Coach Klieman was happy to scoop up a kid coming off a 1,255 yard, 30 touchdown senior season at Junction City High School as a preferred walk-on. That’s basically stealing in recruiting terms. Giddens is a big, fast dude who can squat everything in the weight room. He checks all the boxes physically, but what I like most about his highlight package is his vision as a running back. I’ve watched too many highlights where a physically gifted running back bounces everything outside and outruns their physically inferior competition. Those are the guys that struggle with the transition to the next level. DJ shows patience and vision, and when he sees an opening, he doesn’t hesitate to put the hammer down. Yes, on occasion you do see him bounce a run, but more often than not, he stays with the play and his blockers.

DJ spent last season preparing for this role, and I’m going to guess he had little something to do with a few of the other backs leaving the program. From what I’ve heard, unless the other backs made big strides, Giddens was going to take this spot, regardless of who else was on the roster. That’s how impressive he’s been in practice. You never know until you see it on the field, and we’ll get the opportunity to see what he can do on Saturday vs South Dakota.

Position Security: More secure than you might think.


Anthony Frias II - So (Ju/Co) - Turlock, CA - At 5’10, 210, Frias is a bigger back with some real power. The coaching staff picked him up late out of junior college to bring more competition to the running back room. I expect to see him on the field in some capacity this season. I expect him to fight it out with Giddens for top billing in 2023 if Deuce decides to leave early.

La’James White - Fr. - Lenexa, KS - Like Giddens, White is found-money for the coaching staff. He was offered a preferred walk-on spot by Kansas State as a recruit, decided to take a scholarship at Air Force, redshirted, and then transferred to Kansas State. He’s a tough runner and a solid all-around athlete that will carve a role with the Wildcats before his career is over. I don’t expect to see him much this season unless things go wrong.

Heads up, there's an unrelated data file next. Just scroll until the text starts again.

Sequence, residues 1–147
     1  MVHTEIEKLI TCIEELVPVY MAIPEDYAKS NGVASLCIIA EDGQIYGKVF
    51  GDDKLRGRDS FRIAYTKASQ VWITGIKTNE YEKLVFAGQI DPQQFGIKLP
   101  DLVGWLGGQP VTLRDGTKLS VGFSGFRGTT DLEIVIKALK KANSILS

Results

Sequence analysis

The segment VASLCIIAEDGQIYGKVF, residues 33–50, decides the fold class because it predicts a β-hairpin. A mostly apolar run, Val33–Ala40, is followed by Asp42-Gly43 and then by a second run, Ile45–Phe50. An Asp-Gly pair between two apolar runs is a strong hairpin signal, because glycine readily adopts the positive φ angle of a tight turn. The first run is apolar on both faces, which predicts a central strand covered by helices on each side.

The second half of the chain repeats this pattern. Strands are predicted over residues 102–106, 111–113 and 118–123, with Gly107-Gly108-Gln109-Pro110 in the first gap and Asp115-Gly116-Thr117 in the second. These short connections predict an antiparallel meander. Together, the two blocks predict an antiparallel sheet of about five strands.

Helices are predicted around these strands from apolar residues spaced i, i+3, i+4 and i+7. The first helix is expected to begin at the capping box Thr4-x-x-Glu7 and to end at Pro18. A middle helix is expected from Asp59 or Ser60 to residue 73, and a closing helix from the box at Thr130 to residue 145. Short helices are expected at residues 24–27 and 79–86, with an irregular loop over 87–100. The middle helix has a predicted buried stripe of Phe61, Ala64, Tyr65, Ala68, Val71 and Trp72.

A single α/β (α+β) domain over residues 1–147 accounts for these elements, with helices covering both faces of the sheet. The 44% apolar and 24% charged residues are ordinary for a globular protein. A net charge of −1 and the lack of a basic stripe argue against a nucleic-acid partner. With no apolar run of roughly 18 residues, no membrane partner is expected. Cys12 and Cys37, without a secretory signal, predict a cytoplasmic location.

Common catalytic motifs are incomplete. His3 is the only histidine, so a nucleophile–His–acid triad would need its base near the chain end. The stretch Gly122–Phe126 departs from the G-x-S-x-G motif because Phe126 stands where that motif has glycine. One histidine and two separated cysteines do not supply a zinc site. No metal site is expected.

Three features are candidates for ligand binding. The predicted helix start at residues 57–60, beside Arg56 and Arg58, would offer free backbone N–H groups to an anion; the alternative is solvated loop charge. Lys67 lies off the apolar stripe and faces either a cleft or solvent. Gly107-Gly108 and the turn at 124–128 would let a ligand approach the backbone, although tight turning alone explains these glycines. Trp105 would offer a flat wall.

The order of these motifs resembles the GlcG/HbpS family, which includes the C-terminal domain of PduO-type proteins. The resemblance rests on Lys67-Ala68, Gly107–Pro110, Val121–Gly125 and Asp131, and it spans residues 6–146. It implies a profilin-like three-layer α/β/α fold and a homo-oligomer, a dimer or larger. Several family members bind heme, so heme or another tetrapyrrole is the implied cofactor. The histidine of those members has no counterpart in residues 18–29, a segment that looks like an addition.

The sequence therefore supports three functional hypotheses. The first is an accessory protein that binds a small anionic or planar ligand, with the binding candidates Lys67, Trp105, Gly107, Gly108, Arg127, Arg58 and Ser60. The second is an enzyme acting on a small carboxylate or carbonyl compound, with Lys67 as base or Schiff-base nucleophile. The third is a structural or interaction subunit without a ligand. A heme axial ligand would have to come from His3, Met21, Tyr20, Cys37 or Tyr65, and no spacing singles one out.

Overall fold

Jordan Schippers - Jr. - Colby, KS - Yet another fortunate addition at running back. Schippers started his career at Western Illinois University, and saw playing time as a freshman, including an 85 yard game vs powerhouse Youngstown State. He transferred back home, sat out a year, and picked up a few carries in the traditional everybody plays game against Kansas and toted the rock three times against LSU. He’s not a guy that’s going to make the top of the depth chart, but he’s they type of athlete that pays dividends on special teams.


Funny what having an all world running back at the top of the roster does to your established depth. Deuce has cleared out the running back room because he’s that good. He’s been remarkably durable, and as long as that remains the case, the Wildcats have one of the best running back rooms in the nation, simply because Deuce is leading the way.

If Deuce goes down, things change substantially, but keep in mind that James Gilbert averaged 5.2 yards a game in 2019 as a late arriving transfer from Ball State. This offensive line blows open holes, and Giddens, Frias and company have the talent to run through them. This team would still be good in the run game without Deuce, but I in no way want to see this hypothesis put to the test.